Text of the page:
Door to door mail delivery will be a thing of the past come 2016, and MP Charlie Angus is not happy about it. He says Canada Post made a profit of $194 million last year, and there is no justification for the cuts.

“They’ve made profits year, after year, after year. And yet, this is their ideology that Canadians don’t deserve first class mail service. We don’t believe that,” says Angus.

He also says there are accessibility issues.

“The issues of the snow, the rain, the ice, senior citizens getting out to there,” says Angus. “Now this isn’t to say we shouldn’t overhaul Canada Post, the markets are definitely changing. We can do mail delivery better, we can do it smarter, we can do it in a way that is more affordable.”

However, Timmins Mayor Steve Black posted this statement on Facebook:

“As many residents have heard through media or press releases Timmins will be undergoing the transition to community mailboxes in 2016. This decision was made by Canada Post and not the municipal government.

Just to clarify, many are protesting this change on behalf of seniors or those with mobility issues. This is commendable but it should be noted as per my discussions with Canada Post officials earlier this week that anyone who has mobility issues can still apply in the new program to have their mail delivered at home once per week.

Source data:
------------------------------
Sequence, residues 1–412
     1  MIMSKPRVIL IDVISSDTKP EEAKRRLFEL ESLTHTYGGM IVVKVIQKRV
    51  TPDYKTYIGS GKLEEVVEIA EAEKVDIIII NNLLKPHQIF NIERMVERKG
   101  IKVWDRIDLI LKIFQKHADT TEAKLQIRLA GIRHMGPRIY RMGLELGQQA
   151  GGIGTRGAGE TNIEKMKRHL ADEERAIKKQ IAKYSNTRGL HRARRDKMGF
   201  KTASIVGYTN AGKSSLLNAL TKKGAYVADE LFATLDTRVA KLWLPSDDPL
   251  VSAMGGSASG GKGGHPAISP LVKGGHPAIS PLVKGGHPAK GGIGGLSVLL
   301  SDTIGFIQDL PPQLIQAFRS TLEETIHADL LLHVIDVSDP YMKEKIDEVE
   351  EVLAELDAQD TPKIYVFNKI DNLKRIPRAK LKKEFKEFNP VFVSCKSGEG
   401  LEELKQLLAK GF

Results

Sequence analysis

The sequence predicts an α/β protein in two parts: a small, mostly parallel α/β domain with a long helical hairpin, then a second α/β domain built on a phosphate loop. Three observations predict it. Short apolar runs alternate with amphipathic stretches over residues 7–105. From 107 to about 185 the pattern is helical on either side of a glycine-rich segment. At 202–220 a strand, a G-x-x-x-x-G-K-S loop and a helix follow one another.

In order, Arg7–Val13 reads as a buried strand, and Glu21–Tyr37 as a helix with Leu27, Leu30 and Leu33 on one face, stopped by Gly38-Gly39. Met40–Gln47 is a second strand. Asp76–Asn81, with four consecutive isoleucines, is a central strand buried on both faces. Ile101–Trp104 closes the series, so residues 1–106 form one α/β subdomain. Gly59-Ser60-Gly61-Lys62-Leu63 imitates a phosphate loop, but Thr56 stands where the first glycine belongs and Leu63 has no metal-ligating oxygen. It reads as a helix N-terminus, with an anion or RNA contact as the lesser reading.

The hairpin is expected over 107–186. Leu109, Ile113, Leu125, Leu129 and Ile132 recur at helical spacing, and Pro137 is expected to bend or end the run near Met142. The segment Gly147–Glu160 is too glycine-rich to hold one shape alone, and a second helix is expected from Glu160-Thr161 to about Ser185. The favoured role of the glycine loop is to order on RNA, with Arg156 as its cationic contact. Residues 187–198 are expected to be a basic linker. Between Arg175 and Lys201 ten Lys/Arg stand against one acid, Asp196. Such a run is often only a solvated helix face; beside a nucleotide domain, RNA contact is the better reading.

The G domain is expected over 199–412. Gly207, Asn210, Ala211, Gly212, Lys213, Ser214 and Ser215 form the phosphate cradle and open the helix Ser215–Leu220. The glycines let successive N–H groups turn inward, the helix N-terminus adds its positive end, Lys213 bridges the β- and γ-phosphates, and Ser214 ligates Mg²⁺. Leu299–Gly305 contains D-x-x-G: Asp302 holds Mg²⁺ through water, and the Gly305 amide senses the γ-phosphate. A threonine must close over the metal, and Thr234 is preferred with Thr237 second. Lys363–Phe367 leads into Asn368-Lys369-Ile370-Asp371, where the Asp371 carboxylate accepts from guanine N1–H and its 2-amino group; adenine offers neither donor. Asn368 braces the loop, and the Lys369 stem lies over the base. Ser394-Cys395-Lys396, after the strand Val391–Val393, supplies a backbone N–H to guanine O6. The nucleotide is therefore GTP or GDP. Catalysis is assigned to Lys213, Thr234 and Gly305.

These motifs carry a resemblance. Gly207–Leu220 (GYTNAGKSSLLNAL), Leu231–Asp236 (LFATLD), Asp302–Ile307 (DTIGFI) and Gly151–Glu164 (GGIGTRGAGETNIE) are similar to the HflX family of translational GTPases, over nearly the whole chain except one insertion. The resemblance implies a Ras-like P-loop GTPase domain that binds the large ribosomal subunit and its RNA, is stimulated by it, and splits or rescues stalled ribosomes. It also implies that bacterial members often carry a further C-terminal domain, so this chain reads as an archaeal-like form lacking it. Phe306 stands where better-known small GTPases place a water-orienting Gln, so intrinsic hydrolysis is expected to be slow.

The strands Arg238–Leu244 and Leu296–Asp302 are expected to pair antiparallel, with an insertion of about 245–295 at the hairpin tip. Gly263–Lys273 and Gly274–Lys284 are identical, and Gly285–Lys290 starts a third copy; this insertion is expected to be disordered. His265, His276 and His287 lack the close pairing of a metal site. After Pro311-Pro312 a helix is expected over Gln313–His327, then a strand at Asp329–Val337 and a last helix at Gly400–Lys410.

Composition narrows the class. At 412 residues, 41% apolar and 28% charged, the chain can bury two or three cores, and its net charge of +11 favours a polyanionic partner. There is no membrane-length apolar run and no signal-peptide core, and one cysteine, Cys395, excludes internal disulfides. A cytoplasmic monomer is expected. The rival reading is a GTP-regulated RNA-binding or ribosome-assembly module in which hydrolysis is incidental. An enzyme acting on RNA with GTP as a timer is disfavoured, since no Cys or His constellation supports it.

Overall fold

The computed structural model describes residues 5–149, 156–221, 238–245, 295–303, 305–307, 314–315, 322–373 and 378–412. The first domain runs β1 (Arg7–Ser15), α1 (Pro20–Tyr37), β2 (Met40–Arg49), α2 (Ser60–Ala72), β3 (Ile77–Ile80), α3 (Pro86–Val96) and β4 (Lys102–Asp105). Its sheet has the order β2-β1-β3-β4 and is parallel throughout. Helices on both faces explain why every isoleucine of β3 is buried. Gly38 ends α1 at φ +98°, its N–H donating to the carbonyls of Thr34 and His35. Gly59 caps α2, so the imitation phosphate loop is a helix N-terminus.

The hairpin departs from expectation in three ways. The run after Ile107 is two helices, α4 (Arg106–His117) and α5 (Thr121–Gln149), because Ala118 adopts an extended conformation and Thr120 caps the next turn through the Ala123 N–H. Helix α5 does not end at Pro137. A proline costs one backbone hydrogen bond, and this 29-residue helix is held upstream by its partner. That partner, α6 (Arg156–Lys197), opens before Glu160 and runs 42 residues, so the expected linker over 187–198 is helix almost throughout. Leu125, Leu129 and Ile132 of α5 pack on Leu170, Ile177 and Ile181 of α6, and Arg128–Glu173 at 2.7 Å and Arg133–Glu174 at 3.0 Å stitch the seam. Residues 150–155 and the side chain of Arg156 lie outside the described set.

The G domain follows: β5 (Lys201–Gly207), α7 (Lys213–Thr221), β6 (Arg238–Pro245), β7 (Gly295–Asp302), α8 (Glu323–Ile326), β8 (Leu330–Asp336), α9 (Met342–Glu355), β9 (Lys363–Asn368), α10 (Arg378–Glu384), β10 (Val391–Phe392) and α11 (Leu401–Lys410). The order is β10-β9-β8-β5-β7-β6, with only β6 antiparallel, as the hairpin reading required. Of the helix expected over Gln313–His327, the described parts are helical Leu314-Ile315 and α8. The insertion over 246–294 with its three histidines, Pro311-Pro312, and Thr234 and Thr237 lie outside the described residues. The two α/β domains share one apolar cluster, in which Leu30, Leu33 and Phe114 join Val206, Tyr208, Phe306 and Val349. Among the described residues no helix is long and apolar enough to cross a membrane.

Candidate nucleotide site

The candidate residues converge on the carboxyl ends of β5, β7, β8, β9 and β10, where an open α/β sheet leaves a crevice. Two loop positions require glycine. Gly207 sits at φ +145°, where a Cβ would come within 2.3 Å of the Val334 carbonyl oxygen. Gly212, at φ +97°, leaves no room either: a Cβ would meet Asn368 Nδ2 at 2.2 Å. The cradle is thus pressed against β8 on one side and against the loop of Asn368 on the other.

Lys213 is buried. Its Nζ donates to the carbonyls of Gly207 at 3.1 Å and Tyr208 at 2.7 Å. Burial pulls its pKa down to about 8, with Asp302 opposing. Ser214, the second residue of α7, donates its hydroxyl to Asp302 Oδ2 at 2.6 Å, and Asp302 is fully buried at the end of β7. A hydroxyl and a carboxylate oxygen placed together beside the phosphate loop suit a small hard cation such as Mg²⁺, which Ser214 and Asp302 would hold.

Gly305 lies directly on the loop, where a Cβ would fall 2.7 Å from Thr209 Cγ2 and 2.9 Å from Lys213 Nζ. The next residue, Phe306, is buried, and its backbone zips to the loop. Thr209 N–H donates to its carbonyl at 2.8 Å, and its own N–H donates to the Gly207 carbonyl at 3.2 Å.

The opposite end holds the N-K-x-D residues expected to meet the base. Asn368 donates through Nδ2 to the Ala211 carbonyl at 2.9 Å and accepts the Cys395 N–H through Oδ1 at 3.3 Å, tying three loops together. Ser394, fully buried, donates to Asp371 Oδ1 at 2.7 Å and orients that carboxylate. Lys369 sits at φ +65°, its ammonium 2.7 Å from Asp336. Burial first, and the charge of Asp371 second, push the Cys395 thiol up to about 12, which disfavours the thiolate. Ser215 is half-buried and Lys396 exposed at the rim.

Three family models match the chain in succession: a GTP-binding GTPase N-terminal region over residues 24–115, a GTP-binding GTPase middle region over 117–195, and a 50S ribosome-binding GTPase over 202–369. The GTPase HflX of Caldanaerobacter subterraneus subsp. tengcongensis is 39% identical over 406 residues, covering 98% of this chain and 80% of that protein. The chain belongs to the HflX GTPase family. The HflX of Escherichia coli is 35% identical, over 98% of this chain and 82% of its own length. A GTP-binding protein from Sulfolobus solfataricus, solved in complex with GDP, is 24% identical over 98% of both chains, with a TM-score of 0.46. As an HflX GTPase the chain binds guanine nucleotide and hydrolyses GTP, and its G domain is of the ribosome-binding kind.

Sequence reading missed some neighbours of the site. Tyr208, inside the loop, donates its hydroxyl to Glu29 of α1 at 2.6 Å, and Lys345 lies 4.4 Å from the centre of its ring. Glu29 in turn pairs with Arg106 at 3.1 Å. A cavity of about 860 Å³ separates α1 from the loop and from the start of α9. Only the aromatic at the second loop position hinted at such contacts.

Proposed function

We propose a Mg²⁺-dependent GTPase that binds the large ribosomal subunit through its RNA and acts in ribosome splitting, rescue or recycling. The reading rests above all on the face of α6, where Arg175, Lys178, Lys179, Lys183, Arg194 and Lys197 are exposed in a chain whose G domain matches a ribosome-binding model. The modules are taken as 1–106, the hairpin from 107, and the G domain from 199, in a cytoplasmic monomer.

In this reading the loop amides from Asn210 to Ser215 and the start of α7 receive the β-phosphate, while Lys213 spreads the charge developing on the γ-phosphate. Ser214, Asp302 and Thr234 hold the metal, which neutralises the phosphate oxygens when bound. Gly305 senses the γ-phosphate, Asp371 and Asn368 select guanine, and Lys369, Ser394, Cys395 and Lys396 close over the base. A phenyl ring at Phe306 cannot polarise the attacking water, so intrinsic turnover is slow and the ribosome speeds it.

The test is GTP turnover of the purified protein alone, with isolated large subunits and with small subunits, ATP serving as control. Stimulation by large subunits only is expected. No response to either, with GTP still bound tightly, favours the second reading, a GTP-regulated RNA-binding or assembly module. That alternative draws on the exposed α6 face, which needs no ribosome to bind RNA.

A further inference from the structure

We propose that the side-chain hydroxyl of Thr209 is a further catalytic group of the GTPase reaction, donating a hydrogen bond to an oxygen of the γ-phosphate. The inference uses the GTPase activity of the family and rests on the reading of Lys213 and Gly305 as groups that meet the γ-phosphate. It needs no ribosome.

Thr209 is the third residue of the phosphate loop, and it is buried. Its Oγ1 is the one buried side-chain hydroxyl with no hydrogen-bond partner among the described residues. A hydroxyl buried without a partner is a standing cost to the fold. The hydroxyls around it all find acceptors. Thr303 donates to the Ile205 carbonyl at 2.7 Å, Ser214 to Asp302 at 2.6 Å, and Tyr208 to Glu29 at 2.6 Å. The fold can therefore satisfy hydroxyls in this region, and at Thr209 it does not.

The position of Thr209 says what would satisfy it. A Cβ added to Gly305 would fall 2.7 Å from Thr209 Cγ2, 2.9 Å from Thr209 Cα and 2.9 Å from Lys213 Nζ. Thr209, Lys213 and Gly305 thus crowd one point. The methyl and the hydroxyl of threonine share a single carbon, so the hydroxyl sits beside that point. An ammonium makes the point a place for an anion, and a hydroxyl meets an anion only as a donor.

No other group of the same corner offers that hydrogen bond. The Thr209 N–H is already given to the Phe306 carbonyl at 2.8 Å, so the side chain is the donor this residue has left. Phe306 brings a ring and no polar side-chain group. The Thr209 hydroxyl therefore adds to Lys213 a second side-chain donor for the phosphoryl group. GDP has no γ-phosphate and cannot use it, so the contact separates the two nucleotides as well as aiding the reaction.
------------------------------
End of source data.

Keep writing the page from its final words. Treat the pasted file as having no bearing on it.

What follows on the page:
It is a service change and reduction but I just wanted to ensure everyone is aware of that part of the program as the discussion heats up.”

Over 10, 000 addresses with the codes P4N, P4P, and P4R will be affected. Packages will start coming in with information, including a mail in survey. It will also give ways for those affected can give their opinions and preferences about the new delivery method.

In a press release, Canada Post says “so far 260,000 Canadians have shared their insights through this survey, which proved very helpful in choosing safe, suitable locations.”